Woman eye In response to yesterday's sermon at NCCC on John 9, I've had a number of requests to email people H.G. Wells short story, "The Country of the Blind". The story can be found in Wells' short story collection, The Country of the Blind and other Short Stories. It's a terrific little story. I can't reprint it here fully without getting permission, so I've put the shorter version below. I'm also indebted to Lee Eclov who first drew my attention to the story and it's application through Preaching Today. You may also go to nccofc.org and listen to the sermon as well to hear it's application.


author H. G. Wells, famous for science fiction novels like The Time Machine, The Invisible Man, and The War of the Worlds, once wrote a
short story called "The Country of the Blind." It's about an
inaccessible, luxurious valley in Ecuador where, due to a strange disease,
everyone is blind. After 15 generations of this blindness there was no
recollection of sight or color or the outside world at all. Finally a man from
the outside—a man who could see—literally fell into their midst. He had fallen
off a high cliff and survived, only to stumble into their forgotten country.

When he
realized that everyone else was blind, he remembered the old adage: "In
the country of the blind, the one-eyed man is king."
Wells writes:

He tried at
first on several occasions to tell them of sight. "Look you here, you
people," he said. "There are things you do not understand in
me." Once or twice one or two of them attended to him; they sat with faces
downcast and ears turned intelligently towards him, and he did his best to tell
them what it was to see.

But they
never believed him. They thought he was crazy. The man fell in love with a girl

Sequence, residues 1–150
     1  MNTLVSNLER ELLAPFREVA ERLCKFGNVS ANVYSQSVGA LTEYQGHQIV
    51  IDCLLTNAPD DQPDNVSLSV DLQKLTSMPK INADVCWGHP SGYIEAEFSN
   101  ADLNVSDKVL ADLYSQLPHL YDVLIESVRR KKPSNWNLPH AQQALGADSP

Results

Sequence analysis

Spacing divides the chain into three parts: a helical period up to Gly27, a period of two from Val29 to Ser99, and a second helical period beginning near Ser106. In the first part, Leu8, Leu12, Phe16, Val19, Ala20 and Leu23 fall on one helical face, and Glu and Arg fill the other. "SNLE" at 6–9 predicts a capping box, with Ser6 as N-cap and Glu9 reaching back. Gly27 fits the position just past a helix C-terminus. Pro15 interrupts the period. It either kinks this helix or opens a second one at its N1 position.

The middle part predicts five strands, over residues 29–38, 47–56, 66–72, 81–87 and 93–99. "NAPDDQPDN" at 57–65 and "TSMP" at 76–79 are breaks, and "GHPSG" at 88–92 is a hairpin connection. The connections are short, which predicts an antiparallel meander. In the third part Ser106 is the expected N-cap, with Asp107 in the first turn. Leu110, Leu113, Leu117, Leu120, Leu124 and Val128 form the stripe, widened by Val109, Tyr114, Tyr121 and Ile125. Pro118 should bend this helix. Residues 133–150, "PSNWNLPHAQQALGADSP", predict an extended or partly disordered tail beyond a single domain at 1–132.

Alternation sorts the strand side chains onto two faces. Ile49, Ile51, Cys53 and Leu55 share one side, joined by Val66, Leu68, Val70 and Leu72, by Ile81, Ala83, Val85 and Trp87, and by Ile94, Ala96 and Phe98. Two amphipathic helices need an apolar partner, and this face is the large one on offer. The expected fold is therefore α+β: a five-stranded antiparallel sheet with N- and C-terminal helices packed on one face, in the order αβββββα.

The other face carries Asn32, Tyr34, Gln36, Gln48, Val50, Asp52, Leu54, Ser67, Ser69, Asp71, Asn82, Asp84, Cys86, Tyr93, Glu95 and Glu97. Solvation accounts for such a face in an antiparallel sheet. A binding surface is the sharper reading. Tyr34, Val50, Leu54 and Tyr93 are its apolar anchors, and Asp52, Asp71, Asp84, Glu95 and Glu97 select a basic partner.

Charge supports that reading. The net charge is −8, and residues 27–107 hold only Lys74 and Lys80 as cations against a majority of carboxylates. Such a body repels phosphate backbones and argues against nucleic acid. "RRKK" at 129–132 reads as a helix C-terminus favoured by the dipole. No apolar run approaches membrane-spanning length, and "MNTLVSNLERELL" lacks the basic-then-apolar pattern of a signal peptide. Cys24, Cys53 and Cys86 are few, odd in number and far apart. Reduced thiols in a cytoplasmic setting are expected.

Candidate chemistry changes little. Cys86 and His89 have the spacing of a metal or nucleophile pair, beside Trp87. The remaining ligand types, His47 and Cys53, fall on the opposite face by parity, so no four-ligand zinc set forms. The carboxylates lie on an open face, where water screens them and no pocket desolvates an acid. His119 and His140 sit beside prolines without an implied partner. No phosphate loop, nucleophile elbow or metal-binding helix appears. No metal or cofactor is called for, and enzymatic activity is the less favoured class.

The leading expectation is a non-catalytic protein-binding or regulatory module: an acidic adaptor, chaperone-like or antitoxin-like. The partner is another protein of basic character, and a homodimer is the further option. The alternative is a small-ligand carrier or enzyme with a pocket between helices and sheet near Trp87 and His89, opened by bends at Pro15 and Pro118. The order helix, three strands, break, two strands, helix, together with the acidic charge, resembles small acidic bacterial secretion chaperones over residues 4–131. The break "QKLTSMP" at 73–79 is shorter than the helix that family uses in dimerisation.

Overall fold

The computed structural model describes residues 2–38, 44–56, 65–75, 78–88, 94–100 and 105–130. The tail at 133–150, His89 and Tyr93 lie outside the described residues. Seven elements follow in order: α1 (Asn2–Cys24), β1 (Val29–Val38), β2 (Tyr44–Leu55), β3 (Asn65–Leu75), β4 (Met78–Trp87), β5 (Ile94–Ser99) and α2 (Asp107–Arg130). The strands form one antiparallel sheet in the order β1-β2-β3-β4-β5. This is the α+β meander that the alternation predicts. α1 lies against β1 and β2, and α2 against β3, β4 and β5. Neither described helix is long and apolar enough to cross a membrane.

there and the girl's father, Yacob, went to talk to a doctor about him. A
conversation ensued:

[The doctor
said]: "I think I may say with reasonable certainty that, in order to cure
him complete, all that we need to do is a simple and easy surgical
operation—namely, to remove these irritant bodies [his eyes!]."

then he will be sane?" [they asked].

he will be perfectly sane, and a quite admirable citizen."

Heaven for science!" said old Yacob.

Wells goes
on to point out that the man would not be allowed to marry Yacob's daughter
unless he submitted to an operation that would blind him. So what would the man
do? Wells writes:

"He had fully
meant to go to a lonely place where the meadows were beautiful with white
narcissus, and there remain until the hour of his sacrifice should come, but as
he walked he lifted up his eyes and saw the morning, the morning like an angel
in golden armour, marching down the steeps…

It seemed to
him that before this splendour, he and this blind world in the valley, and his
love and all, were no more than a pit of sin. And the man who could see escaped
the country of the blind with his life."